Stratospheric fallout particles of strontium-90 from the test were later captured with balloon-borne air filters used to sample the air at stratospheric altitudes, the research (Project Ashcan) was conducted to better understand the stratosphere, fallout times and arrive at more accurate meteorological models after hindcasting.[21]

In addition to the radiological accident, the unexpectedly high yield of the device severely damaged many of the permanent buildings on the control site island on the far side of the atoll. Little of the desired diagnostic data on the shot was collected; many instruments designed to transmit their data back before being destroyed by the blast were instead vaporized instantly, while most of the instruments that were expected to be recovered for data retrieval were destroyed by the blast.

The fallout also affected islanders who had previously inhabited the atoll, and who returned there some time after the tests. This was found to be due to the presence of radioactive caesium in locally grown coconut milk. Plants and trees absorb potassium as part of the normal biological process, but will also readily absorb caesium if present, being of the same group on the periodic table, and therefore very similar chemically.[22] Islanders consuming contaminated coconut milk were found to have abnormally high concentrations of caesium in their bodies and then had to be evacuated from the atoll a second time.

The American magazine Consumer Reports warned of the contamination of milk with strontium-90.[23]

In 2013 the Defense Threat Reduction Agency released Castle Bravo: Fifty Years of Legend and Lore.[9]

Weapon history

The Soviet Union had previously used lithium deuteride in its Sloika design (known as the "Joe-4" in the U.S.), in 1953. It was not a true hydrogen bomb; fusion provided only 15–20 percent of its yield, most coming from boosted fission reactions. Its yield was 400 kilotons, and it could not be infinitely scaled, as with a true thermonuclear device.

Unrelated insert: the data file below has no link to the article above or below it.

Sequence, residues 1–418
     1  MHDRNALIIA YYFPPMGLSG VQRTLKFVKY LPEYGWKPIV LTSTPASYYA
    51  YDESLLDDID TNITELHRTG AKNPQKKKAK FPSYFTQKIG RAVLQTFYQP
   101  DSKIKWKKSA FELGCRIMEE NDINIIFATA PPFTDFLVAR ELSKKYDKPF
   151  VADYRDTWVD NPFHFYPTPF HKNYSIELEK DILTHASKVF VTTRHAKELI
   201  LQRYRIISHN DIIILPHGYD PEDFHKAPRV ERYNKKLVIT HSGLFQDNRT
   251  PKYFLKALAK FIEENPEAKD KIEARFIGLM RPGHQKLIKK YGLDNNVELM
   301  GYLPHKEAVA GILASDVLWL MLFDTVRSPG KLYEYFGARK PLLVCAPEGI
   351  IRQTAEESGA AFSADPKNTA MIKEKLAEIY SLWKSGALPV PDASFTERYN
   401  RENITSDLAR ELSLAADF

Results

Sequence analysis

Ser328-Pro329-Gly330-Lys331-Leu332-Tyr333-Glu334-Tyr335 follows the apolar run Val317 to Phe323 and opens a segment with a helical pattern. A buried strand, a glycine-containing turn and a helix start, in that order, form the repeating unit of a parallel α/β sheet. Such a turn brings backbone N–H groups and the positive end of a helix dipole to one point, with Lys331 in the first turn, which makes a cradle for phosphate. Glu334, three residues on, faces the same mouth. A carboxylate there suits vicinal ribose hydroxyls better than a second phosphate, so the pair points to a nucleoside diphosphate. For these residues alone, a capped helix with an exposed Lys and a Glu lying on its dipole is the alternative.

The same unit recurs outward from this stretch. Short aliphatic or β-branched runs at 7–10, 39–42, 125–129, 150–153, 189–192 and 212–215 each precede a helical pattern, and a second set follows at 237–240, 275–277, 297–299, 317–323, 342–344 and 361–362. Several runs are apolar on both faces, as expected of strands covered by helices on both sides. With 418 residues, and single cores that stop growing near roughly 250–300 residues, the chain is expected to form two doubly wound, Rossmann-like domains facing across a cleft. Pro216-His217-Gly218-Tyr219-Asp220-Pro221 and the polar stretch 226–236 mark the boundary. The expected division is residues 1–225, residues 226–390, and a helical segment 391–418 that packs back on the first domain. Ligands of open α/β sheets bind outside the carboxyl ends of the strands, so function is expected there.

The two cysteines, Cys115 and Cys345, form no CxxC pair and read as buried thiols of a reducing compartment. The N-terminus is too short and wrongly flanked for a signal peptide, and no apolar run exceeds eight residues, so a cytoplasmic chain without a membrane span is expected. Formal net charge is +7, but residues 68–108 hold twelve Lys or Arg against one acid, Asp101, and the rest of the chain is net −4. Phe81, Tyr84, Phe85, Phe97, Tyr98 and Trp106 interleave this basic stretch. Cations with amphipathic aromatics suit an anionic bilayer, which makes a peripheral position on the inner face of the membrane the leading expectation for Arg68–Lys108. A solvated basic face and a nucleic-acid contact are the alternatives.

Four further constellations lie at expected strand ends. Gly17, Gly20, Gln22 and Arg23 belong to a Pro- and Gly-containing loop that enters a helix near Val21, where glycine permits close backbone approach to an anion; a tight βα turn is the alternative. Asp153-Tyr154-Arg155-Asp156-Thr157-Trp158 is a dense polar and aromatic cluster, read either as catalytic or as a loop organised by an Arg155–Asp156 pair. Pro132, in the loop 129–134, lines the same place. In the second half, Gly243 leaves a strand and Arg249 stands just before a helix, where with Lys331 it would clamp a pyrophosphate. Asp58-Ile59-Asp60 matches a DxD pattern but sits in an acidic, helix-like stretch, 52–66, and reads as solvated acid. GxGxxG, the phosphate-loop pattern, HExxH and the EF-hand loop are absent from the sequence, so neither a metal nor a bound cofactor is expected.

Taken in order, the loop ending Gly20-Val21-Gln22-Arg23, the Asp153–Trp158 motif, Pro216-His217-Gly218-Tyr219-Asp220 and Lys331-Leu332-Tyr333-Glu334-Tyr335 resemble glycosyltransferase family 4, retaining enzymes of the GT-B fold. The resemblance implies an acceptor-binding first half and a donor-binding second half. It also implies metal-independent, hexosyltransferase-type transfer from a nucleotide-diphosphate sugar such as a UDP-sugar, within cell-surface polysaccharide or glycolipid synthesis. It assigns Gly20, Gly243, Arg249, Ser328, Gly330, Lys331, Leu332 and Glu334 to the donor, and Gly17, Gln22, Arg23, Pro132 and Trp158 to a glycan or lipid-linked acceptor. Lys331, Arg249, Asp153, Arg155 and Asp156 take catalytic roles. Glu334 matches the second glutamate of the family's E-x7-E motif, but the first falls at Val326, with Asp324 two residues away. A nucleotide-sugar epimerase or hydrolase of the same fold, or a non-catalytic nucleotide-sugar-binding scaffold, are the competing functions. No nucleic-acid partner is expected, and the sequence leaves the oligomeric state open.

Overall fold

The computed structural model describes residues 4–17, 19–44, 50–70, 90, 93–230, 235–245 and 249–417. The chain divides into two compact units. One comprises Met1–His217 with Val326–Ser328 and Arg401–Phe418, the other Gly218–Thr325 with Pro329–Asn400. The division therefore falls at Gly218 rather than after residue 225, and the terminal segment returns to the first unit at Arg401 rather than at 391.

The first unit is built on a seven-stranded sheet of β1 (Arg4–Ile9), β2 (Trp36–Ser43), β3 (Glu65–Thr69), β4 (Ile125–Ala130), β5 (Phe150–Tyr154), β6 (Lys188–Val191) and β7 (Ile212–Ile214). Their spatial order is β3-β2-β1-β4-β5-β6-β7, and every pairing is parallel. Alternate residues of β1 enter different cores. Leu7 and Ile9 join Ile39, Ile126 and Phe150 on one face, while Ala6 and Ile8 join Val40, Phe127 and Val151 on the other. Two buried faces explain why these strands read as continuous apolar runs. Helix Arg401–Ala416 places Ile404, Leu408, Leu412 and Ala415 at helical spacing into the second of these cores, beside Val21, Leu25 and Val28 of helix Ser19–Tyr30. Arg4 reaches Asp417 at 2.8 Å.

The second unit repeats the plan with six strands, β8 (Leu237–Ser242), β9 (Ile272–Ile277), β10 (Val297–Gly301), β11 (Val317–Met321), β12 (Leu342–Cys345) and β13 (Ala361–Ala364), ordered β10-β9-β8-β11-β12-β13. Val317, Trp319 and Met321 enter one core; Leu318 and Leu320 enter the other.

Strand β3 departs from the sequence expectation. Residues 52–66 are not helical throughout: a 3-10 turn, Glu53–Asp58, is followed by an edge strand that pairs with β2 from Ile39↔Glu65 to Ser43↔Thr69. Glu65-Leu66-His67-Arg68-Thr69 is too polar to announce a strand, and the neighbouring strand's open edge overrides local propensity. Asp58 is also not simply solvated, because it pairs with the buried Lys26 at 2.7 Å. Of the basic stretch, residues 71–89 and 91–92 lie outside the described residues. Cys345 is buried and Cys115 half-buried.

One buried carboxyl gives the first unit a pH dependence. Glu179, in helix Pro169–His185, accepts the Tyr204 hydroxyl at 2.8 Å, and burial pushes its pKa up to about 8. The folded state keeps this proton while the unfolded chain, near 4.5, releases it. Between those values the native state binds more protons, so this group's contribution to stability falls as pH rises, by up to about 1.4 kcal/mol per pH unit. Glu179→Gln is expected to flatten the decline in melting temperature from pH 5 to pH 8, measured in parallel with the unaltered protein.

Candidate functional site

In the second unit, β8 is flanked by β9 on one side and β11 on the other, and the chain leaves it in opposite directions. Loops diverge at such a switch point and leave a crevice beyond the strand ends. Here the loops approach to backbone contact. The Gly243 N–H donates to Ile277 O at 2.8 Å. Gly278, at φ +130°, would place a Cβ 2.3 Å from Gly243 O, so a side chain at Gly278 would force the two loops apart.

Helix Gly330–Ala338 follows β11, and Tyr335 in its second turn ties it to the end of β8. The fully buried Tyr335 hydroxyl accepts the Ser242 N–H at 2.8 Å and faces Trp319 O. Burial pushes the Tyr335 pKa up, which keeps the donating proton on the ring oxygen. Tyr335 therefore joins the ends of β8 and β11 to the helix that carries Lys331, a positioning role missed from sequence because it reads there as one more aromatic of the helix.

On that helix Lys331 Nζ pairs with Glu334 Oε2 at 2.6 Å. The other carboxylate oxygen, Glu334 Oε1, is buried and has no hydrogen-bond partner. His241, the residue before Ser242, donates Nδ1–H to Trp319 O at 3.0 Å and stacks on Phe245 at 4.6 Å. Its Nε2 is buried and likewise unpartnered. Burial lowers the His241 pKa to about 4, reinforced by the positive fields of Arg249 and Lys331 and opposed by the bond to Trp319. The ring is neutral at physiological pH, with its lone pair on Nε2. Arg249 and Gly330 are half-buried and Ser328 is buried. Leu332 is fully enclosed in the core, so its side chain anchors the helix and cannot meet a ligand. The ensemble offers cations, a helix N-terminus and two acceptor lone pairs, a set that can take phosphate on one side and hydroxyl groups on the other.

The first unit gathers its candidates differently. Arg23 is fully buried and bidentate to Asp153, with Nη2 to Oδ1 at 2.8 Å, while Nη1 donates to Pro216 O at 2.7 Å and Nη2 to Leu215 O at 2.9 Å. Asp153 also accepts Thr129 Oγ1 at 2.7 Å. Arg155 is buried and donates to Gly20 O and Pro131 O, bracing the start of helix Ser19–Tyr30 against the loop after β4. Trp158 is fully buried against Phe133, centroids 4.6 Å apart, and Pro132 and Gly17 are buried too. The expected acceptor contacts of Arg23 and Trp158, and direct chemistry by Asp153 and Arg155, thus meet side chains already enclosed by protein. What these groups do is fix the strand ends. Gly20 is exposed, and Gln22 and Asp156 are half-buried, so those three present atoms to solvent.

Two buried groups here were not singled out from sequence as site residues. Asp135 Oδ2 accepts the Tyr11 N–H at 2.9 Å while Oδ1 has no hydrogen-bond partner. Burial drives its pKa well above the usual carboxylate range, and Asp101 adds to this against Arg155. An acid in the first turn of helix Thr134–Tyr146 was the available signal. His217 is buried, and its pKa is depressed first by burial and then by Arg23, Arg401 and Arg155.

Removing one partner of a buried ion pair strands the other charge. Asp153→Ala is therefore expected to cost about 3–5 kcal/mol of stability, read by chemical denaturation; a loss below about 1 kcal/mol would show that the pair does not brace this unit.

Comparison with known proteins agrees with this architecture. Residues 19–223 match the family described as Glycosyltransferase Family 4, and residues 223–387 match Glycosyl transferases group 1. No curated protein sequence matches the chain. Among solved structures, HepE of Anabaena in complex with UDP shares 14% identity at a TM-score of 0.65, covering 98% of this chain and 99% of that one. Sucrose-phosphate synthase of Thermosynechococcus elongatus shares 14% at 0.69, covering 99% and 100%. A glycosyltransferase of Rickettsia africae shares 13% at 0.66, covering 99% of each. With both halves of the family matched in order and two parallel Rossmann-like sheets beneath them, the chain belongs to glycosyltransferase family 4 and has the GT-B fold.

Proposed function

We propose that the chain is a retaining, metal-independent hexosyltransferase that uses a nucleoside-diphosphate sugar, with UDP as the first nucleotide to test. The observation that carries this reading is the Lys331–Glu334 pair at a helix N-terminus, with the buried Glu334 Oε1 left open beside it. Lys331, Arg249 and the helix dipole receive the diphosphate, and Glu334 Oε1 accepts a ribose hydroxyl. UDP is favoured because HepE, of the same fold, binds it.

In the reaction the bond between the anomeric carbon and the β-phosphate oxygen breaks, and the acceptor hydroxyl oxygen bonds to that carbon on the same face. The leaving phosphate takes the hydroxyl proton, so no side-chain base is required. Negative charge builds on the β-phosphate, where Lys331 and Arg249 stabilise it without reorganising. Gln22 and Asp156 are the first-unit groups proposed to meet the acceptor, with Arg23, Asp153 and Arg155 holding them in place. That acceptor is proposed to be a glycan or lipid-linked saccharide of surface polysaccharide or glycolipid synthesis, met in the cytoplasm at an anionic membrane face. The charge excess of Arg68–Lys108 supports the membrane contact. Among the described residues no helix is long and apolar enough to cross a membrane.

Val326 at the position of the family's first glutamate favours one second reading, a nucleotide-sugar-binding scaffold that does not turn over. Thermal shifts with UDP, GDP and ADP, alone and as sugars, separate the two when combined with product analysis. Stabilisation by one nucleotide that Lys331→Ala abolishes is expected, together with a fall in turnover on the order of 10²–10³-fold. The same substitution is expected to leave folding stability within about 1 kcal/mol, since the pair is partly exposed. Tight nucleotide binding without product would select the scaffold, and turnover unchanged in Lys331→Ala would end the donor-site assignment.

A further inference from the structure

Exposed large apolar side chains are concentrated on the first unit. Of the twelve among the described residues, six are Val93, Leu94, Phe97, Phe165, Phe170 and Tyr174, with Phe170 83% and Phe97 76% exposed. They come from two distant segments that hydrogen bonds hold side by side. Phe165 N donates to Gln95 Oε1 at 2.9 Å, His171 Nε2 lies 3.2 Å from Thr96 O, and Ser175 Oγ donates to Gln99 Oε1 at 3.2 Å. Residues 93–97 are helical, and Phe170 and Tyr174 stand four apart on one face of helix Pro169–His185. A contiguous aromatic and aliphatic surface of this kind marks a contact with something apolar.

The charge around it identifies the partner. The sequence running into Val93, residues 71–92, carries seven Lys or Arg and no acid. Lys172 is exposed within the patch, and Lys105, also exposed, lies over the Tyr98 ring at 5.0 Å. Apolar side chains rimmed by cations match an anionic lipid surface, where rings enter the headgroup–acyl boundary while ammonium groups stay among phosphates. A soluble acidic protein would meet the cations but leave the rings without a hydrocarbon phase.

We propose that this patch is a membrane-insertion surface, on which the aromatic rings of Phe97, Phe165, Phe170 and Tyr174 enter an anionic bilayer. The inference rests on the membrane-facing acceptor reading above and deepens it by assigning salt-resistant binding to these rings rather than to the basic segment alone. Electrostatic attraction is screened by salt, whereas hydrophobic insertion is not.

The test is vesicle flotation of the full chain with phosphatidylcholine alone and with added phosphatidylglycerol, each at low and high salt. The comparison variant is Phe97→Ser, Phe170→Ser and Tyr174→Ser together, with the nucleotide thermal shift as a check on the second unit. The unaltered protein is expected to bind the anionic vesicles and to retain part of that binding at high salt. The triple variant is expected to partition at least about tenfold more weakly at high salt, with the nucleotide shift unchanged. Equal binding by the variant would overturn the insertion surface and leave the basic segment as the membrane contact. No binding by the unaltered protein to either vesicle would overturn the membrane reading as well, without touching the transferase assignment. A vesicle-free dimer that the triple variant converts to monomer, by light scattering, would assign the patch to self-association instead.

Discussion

The Teller-Ulam-based "Ivy Mike" device had a much greater yield of 10.4 Mt, but most of this also came from fission: 77 percent of the total came from fast fission of its natural uranium tamper.

Castle Bravo had the greatest yield of any U.S. nuclear test, 15 Mt, though again, a substantial fraction came from fission. In the Teller-Ulam design, the fission and fusion stages were kept physically separate in a reflective cavity. The radiation from the exploding fission primary brought the fuel in the fusion secondary to critical density and pressure, setting off thermonuclear (fusion) chain-reactions, which in turn set off a tertiary fissioning of the bomb's outer casing. Consequently, this type of bomb is also known as a "fission-fusion-fission" device. The Soviet researchers, led by Andrei Sakharov, developed and tested their first Teller-Ulam device in 1955.

The publication of the Bravo fallout analysis was a militarily sensitive issue, with Joseph Rotblat possibly deducing the staging nature of the Castle Bravo device by studying the ratio and presence of tell-tale isotopes, namely uranium-237, present in the fallout.[24] This information could potentially reveal the means by which megaton-yield nuclear devices achieve their yield.[25] Soviet scientist Sakharov hit upon what the Soviet Union regarded as "Sakharov's third idea" during the month after the Castle Bravo test, the final piece of the puzzle being the idea that the compression of the secondary can be accomplished by the primary's x-rays before fusion began.

The Shrimp device design later evolved into the Mark 21 nuclear bomb, of which 275 units were produced, weighing 15,000 pounds (6,800 kg) and measuring 12.5 feet (3.8 m) long and 56 inches (1.4 m) in diameter. This 4-megaton bomb was produced until July 1956. In 1957, it was converted into the Mark 36 nuclear bomb and entered into production again.

Cultural impact

As a result of the extensive fallout, Nevil Shute wrote the novel On the Beach, which was released in 1957. The novel is about a war that released so much radioactive fallout that all the life in the Northern Hemisphere disappeared, while the Southern Hemisphere awaited a similar fate. However the American government voiced a criticism of this premise—a threat of extinction from nuclear war—because they did not have enough nuclear weapons to cause human extinction.[26] Similarly the premise that all of humanity would die following a nuclear war and only the "cockroaches would survive" is critically dealt with in the book Would the Insects Inherit the Earth, and Other Subjects of Concern to Those Who Worry About Nuclear War. A combination of the Castle Bravo detonation, alongside the subsequent poisoning of the Lucky Dragon 5, and the resultant flashbacks to the bombings of Hiroshima and Nagasaki all culminated in the creation of what is perhaps Japan's most widely recognized media icon, Godzilla.[27]